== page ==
Call it the “guilt list.” Most of us carry around in our heads a litany of things we know we ought to do but somehow never get around to doing. That’s often the case when it comes to investing in the future—including, for many nonprofits, developing the next generation of leaders. Many leaders we have worked with recognize the value of leadership development yet confess that it is haphazard and inconsistent at their organization, if indeed it happens at all.
Why the disconnect? The constraints most leaders cited in our online self-assessment are time and money. This lack of resources is a chronic challenge, and often leaders are so busy tackling day-to-day problems that investments in people seem a luxury they can’t afford.
However, there are two simple practices that can put any organization on track to integrating leadership development into the day-to-day. One practice takes advantage of something nonprofits have a lot of: “stretch assignments,” or projects that challenge employees beyond their current knowledge. The other matches those assignments with individual needs.
1. Leveraging stretch assignments
One of the most powerful concepts within leadership development is the 70-20-10 model. Based on a substantial body of research, the Center for Creative Leadership has found that hands-on experience, supported by formal and informal coaching and mentoring, is the best leadership teacher. Specifically, the center advocates a leadership development model comprised of 70 percent on-the-job learning (or stretch assignments), 20 percent coaching and mentoring, and 10 percent formal training.
As previous writers in this series have pointed out, the importance of learning by doing means that nonprofits can use the many opportunities and challenges coming their way as platforms for staff development, rather than relying primarily on formal training that may be more expensive and ultimately less powerful.
The YMCA of the USA has taken the 70-20-10 model to heart. It created a development guide, “Developing Cause-Driven Leaders,” that prompts staffers and their managers to write annual development plans within the 70-20-10 framework. For example, a manager might assign someone who needs more fundraising experience to research and write the first draft of a grant proposal. Her manager might connect her with an experienced grant writer who can provide coaching on the drafting process, and she might then buttress that coaching with an online grantwriting seminar.
Even without a formal framework, organizations can use stretch assignments more deliberately for leadership development. They can assign a developing leader who needs to flex their communication skills to make a presentation to the board or important stakeholders, for example, or place several leaders who need greater organization-wide visibility on a cross-functional task force, and provide the coaching and formal training they need to succeed. When organizations allocate assignments to build needed leadership skills, even seemingly mundane activities can become leadership development opportunities.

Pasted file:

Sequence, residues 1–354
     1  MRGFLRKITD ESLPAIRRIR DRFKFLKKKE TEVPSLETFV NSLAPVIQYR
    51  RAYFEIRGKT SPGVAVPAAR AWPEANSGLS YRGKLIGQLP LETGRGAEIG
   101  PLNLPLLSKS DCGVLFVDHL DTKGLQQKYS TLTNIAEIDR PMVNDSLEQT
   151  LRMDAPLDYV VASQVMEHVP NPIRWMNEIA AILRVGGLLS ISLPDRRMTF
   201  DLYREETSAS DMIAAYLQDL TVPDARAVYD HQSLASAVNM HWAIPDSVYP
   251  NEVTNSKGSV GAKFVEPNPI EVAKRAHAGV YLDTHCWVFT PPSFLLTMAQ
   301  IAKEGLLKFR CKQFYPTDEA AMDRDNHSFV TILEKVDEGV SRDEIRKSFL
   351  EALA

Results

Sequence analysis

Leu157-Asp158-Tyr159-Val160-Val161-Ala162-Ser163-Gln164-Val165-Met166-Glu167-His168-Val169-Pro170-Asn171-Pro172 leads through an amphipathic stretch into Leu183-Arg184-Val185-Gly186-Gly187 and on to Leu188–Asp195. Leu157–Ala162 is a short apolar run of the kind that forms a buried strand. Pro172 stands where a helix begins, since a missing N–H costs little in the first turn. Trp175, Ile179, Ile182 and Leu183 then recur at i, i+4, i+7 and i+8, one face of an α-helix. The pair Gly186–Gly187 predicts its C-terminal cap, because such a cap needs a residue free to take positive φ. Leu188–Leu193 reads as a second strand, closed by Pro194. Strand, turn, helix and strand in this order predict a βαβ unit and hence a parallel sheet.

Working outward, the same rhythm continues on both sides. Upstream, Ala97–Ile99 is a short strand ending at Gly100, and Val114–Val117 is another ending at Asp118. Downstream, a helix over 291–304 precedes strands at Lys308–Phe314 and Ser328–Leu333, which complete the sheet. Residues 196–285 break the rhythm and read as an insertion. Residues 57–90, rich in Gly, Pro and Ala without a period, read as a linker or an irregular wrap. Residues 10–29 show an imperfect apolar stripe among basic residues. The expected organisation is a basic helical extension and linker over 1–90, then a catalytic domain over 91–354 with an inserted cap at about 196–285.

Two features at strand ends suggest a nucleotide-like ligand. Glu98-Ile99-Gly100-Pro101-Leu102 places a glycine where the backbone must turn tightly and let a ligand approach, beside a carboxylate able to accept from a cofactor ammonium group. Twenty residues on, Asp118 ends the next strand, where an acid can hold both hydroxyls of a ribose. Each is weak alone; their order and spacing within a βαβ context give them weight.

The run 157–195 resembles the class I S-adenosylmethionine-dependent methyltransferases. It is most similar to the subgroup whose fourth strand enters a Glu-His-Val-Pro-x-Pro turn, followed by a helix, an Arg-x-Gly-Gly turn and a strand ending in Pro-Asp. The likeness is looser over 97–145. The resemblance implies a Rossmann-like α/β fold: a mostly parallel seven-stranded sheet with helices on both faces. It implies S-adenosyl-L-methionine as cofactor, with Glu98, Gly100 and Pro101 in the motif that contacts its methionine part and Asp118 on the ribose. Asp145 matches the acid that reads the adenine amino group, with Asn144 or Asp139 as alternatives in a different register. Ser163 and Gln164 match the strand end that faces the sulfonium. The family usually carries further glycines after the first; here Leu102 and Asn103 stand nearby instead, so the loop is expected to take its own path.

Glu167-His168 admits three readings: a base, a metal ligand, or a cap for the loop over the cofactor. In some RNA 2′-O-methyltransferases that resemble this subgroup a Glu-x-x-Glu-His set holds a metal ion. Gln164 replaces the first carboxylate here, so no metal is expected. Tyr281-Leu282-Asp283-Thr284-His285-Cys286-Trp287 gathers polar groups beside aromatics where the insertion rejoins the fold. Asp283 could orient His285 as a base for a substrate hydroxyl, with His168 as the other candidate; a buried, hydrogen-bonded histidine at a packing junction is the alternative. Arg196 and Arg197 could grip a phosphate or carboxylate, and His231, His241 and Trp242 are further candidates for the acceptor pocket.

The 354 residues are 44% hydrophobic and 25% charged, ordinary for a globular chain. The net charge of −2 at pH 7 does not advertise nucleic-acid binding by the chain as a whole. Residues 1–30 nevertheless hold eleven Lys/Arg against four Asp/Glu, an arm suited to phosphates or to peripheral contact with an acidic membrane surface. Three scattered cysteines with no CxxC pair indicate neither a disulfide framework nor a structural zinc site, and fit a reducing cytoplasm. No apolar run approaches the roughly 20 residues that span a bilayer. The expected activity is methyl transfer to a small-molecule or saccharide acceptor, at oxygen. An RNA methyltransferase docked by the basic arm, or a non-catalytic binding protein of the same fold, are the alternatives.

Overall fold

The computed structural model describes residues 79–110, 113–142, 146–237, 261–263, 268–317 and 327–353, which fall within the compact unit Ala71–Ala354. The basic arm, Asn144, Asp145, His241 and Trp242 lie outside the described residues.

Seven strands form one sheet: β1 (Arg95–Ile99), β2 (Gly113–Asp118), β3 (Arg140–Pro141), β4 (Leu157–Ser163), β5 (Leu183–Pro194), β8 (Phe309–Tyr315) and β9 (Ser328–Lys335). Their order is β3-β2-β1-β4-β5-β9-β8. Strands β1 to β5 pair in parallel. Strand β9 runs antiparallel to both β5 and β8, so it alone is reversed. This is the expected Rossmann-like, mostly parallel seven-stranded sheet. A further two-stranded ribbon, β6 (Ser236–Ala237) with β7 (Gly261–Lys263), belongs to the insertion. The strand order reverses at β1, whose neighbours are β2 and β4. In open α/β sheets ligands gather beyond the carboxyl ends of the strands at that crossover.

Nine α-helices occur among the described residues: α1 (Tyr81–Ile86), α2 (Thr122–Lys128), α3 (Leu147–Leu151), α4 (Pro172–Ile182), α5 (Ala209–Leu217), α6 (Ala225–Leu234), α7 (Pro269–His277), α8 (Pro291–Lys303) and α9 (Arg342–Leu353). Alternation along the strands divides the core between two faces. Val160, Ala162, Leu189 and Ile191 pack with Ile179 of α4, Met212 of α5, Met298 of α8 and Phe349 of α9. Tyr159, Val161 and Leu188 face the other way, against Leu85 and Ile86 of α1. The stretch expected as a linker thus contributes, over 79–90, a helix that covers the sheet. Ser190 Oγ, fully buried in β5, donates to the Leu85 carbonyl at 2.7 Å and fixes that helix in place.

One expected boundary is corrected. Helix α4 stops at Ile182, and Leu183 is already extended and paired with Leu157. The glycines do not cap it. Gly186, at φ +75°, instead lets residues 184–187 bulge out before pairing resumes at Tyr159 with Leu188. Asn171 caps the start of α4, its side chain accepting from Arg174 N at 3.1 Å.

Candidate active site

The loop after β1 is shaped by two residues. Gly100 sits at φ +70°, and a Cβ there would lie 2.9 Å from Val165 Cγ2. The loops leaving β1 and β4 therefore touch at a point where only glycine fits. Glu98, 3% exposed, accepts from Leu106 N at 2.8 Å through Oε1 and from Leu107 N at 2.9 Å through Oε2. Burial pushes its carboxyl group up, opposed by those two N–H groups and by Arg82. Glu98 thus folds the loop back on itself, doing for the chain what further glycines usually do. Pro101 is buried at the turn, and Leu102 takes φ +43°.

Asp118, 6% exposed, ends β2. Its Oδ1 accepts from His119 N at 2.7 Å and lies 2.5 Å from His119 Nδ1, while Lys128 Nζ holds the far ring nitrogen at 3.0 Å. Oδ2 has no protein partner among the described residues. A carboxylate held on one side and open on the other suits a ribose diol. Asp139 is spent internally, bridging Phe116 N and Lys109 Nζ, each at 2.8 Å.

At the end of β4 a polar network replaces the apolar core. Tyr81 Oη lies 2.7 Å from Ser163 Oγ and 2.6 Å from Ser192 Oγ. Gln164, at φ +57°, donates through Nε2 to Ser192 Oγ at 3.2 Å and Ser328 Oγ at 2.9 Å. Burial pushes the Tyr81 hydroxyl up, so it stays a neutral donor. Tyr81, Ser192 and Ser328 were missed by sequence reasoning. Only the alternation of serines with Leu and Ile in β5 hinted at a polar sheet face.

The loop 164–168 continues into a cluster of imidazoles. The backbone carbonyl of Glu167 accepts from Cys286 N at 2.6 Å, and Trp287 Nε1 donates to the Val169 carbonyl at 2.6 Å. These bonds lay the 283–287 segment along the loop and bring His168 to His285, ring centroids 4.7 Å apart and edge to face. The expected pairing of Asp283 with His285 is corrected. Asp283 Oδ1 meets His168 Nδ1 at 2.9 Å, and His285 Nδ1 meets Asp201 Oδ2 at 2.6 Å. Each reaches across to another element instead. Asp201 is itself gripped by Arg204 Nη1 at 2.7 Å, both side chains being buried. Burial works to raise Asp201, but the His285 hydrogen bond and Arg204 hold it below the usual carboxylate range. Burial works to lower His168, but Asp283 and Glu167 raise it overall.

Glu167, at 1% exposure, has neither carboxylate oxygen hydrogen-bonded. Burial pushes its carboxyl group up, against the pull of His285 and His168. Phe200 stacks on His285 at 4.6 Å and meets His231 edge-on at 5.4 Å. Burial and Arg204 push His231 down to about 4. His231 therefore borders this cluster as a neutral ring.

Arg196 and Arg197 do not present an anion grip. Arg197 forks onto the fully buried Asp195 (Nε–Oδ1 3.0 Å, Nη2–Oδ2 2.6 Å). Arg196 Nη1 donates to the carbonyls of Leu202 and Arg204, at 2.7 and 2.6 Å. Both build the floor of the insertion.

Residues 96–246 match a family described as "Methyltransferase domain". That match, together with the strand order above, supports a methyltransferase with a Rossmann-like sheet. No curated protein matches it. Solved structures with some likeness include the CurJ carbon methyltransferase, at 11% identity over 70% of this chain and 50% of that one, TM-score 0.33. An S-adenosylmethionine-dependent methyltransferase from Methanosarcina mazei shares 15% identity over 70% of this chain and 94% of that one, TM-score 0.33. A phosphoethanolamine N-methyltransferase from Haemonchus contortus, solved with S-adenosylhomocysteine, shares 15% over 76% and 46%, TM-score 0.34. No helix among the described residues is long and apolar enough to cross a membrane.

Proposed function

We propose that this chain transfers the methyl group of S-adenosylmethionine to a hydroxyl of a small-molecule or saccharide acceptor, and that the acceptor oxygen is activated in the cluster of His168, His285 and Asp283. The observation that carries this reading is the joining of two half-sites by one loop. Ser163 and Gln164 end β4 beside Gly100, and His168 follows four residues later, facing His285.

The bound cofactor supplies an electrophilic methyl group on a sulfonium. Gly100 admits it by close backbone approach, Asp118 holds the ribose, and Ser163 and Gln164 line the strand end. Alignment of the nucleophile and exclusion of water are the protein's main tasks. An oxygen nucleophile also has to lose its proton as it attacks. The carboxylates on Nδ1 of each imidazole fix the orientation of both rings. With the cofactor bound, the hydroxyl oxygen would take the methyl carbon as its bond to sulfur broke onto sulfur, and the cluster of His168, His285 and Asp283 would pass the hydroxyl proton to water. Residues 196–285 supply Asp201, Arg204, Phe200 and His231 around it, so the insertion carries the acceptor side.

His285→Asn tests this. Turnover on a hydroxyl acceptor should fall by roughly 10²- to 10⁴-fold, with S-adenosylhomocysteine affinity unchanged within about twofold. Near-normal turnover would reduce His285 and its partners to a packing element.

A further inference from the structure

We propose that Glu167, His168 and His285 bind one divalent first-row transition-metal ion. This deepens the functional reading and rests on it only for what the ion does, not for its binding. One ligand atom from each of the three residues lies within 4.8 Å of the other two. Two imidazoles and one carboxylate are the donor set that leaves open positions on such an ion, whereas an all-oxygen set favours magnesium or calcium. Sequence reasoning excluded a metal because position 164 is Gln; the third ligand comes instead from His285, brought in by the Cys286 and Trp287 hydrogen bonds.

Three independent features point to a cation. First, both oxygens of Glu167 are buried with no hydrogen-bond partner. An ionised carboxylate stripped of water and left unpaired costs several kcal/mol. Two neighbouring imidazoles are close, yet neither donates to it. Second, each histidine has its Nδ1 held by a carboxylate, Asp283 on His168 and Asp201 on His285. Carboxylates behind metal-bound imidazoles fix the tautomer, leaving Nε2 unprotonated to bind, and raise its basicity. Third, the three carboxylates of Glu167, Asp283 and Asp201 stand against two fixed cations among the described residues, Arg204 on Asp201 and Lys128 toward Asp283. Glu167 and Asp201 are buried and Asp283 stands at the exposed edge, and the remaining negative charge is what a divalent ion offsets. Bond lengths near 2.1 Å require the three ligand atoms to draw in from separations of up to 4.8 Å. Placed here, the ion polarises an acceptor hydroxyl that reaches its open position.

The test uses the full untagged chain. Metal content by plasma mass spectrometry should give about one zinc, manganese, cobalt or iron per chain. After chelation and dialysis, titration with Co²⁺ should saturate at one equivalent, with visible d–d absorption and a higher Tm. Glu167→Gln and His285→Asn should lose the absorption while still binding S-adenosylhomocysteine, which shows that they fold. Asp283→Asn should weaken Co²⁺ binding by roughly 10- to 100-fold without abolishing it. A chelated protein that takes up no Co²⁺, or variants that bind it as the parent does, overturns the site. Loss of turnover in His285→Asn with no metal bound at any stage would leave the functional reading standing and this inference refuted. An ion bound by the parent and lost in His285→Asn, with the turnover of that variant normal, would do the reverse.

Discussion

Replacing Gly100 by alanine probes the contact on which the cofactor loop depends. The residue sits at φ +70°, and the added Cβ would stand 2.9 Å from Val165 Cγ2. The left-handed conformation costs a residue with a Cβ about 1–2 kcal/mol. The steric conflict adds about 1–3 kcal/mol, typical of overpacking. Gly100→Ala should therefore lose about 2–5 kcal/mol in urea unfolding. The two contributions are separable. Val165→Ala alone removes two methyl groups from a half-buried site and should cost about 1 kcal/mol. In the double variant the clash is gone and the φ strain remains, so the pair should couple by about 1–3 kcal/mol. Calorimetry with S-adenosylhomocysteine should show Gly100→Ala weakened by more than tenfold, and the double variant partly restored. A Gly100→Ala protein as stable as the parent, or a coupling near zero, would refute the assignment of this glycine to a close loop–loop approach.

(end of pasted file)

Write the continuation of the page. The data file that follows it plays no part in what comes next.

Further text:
2. Identifying and matching individual needs
The next step for managers is to match the right assignments to the right people and thus develop their unique potential. The Performance Potential Matrix, designed to structure conversations with employees about their development needs, is one tool that can help connect the dots. It allows senior leaders to plot the relative leadership potential and performance of each employee, and provides a likely set of development needs.
At Good Shepherd—a New York City-based youth development, education, and family service agency—top executives reflect on the organization’s future leadership needs and embed related skills in the criteria they use to assess leadership potential. From there, they use the matrix to identify development goals for their respective direct reports. They then select appropriate development experiences and assignments to help employees meet their own and the organization’s goals.
As managers choose the appropriate experiences and assignments, they follow the 70-20-10 model’s emphasis on in-house stretch assignments. For example, one senior leader at Good Shepherd promoted a talented manager (who had high leadership potential and performance levels) and heavily weighted her new assignments toward learning by doing (70 percent). She was challenged to develop relationships with tenant associations and city agencies involved with affordable housing—an unfamiliar area for her. A new sports program for disconnected young people required not only supervision (her strong suit), but also going deep into program details and getting hands-on operational experience. The manager’s supervisor provided a measure of coaching, as needed, along the way.
The Performance Potential Matrix and 70-20-10 model are by no means the only tools that leaders can use to more effectively build their pipeline of future leaders. But in our experience, they are an effective way to get started. Once an organization incorporates the tools into its approach to assessment and development, it can be sure that leaders think regularly about the development needs of their staff and connect those needs to the stretch opportunities that are abundant at every nonprofit. Investing in leaders can come off the “guilt list” and instead become part of day-to-day business.